I have no idea what the sentence I’ve bolded means; can anyone inform me? For obvious reasons, I’m particularly interested in this usage. (Thanks to Bonnie for the link.)
Update. I think MollKW, in the comments, has cleaned up this hat:

The initial “t” of “that” was dropped as a typo (a common enough one, as Googling for “all hat” shows) and they ran a spelling/grammar check without being too careful about proofreading. Experiment shows that the grammar checker in Microsoft Word by default corrects “This will clean up virtually all hat” to “… virtually all hats”.

QED, and bravo!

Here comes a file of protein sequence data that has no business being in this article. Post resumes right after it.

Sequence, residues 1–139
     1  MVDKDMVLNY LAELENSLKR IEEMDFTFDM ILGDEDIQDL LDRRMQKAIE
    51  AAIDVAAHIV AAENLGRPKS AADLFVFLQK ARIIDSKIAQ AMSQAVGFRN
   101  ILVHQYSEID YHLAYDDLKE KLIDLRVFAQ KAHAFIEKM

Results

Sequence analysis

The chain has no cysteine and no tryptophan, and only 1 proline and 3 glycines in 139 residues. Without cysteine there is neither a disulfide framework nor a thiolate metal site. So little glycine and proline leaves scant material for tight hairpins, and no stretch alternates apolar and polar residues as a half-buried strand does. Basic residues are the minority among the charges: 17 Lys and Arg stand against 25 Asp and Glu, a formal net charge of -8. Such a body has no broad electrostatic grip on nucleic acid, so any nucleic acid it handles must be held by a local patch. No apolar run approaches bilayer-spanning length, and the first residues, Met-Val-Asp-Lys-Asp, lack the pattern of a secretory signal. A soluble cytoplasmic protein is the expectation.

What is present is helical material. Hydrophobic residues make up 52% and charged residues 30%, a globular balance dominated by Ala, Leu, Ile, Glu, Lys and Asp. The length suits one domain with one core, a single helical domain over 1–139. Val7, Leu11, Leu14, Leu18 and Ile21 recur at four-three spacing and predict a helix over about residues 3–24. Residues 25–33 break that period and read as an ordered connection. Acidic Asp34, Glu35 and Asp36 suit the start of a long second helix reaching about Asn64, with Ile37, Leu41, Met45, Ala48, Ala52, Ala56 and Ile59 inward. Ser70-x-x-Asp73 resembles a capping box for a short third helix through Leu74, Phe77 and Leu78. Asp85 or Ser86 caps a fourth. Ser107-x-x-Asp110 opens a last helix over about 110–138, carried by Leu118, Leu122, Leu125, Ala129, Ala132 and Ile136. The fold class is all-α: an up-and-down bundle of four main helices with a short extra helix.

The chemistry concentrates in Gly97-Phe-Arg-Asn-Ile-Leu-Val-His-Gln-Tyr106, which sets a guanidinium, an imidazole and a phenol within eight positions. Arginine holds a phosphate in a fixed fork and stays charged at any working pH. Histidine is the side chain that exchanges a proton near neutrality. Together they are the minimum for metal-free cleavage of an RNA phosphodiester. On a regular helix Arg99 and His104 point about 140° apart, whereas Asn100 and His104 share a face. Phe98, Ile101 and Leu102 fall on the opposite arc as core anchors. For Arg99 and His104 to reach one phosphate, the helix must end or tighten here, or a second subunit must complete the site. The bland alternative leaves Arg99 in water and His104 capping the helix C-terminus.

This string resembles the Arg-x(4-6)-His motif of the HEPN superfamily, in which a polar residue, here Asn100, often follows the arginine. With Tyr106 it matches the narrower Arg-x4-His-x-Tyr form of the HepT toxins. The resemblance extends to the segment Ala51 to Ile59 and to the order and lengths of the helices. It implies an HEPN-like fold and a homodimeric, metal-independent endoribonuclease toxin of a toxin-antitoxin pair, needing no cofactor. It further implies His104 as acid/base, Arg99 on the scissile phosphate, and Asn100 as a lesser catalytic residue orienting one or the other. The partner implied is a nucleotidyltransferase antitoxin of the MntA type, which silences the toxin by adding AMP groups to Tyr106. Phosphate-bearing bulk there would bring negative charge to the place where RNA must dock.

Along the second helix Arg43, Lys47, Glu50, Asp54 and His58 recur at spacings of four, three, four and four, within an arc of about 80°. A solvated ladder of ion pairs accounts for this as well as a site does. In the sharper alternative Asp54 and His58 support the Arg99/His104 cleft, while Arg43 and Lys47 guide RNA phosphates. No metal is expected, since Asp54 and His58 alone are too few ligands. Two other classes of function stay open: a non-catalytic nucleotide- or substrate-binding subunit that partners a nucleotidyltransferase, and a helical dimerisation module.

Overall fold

I finally got to see Visconti’s Il gattopardo (The Leopard) for the first time in years (it was sold out last weekend, when my wife and I went into Manhattan to see it; see MISCONOSCENZA for links on novel and movie), and I was struck by its vindication of Pound’s famous dictum that “the natural object is always the adequate symbol.” The movie opens with an exterior shot of a grand villa; the camera slowly circles through the brilliant Sicilian light as it approaches and we begin to hear the sounds of a religious service from within. Then the camera enters a window, and we move into a dark room where people are sullenly listening to the thousandth repetition of the Ave Maria. After the Prince brings the proceedings to an abrupt end, he walks into another room; in the course of the following scene the words “È la rivoluzione!” [It's the revolution!] are spoken, and at that moment the Prince is standing in front of a tall narrow window through which a breeze pushes a filmy white curtain. The sudden incursion of light and air is the perfect image of revolution in the context of this man and this house, where the dark comfort of age-old aristocratic habit is about to be invaded by new people and new ideas—to which the Prince is drawn, as we cannot help being drawn by light and air. But Visconti is no Pollyanna about revolution; the next scene, not in the book, is an extended street battle for Palermo, with Garibaldi’s redshirts frantically trying to drive out the royal troops. It’s long, confused, brutal, full of smoke and noise and the anguished cries of women; we’re left in no doubt as to what revolution means in practice. But the idea of it, the “breath of fresh air,” is intoxicating and seductive.